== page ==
The Rotunda is a cylindrical spaceThe Rotunda is a cylindrical space

The idea was that Fathom’s work would leave ‘room to grow’, enabling HQi to continue to personalise and develop the space in line within its own budget and future plans. This approach has been termed by Fathom’s founder Justin Nicholls as ‘anti-architecture’. Godfrey explains further: ‘Working within your parameters, you can’t design and build all these nice bits of joinery, but you can take it back to a shell to grow over time.’ HQi has moved quickly already however, building two studios in what were initially going to be an office and a storage space, spurred on by the determination and insight of acoustic engineer Flavio Carvahlo of Urban Studio Design.

While previous occupants hadn’t used the space efficiently – the toilet area taking up a third of the downstairs floor – the current arrangement meets HQi’s needs without compromising facilities. Following a circular economy model, the architects repurposed material such as floor tiles, lighting and airconditioning units, and made use of free-issue items from Stanhope’s MediaWorks project (adjacent to the WestWorks), including a kitchen with integrated amenities and a Corian work surface. My visit coincided with April’s Extinction Rebellion protests, and it was clear sustainability was high on the agenda here too. Both architect and client seemed relieved to be reusing, rather than building new and creating more waste. Stanhope senior project director Mike Horton praised how the work was done in a ‘very economic and sustainable manner’.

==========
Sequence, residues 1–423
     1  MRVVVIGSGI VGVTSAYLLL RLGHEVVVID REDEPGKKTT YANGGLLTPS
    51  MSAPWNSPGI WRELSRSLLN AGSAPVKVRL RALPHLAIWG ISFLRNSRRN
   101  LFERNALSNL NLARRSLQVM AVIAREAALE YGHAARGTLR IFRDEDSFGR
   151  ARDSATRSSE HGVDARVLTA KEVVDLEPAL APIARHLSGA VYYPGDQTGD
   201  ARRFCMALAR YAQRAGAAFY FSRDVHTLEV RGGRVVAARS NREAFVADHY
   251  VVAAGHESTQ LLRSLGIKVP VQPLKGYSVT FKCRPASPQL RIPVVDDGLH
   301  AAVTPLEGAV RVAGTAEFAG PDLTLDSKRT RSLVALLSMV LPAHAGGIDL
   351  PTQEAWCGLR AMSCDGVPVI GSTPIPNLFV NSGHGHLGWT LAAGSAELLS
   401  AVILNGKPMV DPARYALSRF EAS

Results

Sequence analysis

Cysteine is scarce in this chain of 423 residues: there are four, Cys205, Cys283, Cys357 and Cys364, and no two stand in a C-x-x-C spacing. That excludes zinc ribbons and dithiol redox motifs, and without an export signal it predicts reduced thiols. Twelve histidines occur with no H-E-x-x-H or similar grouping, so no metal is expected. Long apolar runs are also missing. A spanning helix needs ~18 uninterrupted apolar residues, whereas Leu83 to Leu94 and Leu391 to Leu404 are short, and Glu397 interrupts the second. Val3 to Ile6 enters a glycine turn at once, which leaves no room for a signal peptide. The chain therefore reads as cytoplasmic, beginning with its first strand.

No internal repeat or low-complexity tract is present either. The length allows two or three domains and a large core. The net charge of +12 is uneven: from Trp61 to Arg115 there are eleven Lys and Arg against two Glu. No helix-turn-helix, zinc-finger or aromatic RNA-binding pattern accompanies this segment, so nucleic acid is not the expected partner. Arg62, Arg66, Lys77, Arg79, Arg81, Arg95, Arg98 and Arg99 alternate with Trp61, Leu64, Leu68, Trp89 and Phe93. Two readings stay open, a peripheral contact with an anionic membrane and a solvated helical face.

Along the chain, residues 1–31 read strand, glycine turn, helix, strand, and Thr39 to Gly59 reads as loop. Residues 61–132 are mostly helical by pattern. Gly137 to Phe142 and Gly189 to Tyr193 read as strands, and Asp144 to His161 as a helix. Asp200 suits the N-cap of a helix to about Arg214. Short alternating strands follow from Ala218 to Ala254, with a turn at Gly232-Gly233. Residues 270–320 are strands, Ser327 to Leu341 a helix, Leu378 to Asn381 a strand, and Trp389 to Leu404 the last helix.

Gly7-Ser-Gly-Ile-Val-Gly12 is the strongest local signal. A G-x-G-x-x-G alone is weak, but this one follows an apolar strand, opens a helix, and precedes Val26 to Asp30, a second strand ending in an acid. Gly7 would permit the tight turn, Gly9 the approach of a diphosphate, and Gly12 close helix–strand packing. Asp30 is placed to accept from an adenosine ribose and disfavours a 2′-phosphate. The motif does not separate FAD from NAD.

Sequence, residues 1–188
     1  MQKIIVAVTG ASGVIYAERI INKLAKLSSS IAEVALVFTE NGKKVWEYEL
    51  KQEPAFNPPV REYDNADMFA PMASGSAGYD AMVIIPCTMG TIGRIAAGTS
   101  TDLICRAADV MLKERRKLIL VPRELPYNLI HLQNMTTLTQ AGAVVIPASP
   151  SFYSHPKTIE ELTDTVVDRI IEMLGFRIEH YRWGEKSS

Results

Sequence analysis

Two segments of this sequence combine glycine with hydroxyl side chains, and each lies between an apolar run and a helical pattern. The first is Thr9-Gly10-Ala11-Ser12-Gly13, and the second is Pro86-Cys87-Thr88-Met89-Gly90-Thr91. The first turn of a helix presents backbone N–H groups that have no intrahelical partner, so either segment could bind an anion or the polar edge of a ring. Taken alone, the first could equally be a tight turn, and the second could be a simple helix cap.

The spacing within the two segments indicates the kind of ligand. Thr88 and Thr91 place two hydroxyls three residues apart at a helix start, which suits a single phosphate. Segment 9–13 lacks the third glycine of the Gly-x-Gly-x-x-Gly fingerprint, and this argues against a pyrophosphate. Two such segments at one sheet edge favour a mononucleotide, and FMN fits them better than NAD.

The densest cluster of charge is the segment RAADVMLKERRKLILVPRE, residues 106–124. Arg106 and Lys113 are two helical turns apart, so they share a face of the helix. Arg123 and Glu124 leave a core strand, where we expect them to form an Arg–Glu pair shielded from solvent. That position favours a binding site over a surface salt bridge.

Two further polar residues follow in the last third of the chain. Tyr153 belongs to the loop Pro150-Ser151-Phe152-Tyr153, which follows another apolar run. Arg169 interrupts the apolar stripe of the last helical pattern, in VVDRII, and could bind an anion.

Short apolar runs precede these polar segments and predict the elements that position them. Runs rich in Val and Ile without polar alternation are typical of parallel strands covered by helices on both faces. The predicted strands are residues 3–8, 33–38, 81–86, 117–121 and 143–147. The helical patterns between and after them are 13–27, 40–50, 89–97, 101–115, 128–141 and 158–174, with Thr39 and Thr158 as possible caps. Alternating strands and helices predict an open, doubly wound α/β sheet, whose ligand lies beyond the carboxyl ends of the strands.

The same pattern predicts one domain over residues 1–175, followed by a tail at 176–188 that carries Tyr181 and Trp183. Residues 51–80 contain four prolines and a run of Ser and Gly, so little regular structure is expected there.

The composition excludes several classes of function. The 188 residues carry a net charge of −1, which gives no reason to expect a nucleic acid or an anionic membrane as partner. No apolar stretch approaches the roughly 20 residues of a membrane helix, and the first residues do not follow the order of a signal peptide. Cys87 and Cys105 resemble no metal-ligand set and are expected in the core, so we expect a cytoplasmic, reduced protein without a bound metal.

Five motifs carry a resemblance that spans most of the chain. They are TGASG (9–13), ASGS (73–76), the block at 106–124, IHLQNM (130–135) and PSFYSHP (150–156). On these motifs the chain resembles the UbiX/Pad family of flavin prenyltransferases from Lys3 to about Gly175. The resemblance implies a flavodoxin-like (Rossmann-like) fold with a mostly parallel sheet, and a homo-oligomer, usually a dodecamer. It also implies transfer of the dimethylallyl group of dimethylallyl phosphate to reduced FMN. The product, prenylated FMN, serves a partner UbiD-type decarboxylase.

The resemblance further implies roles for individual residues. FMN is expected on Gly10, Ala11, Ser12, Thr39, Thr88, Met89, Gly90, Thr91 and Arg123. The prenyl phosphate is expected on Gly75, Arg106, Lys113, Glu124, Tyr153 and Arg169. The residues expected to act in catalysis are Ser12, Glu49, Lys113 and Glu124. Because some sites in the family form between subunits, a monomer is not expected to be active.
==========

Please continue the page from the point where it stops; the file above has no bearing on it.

The music venue upstairs is claimed to have acoustics as good as the studios at Abbey RoadThe music venue upstairs is claimed to have acoustics as good as the studios at Abbey Road

Although Azar has ambitions for the Rotunda to one day be more ‘high-end’, the current economical design has fulfilled the brief at minimal cost – Godfrey says they ‘[spent] most of the budget on M&E to make it as nice as possible’. The downstairs space is calm and airy, its minimal colour palette ‘neutral’ as wished for by both HQi and Stanhope. HQi saw its demographic as needing something very different to the Huckletree crowd, for instance, describing these spaces as too ‘garish’ for its artists and designers, though Azar admits here that his own attempts to personalise the Rotunda have also been rejected by the resident artists.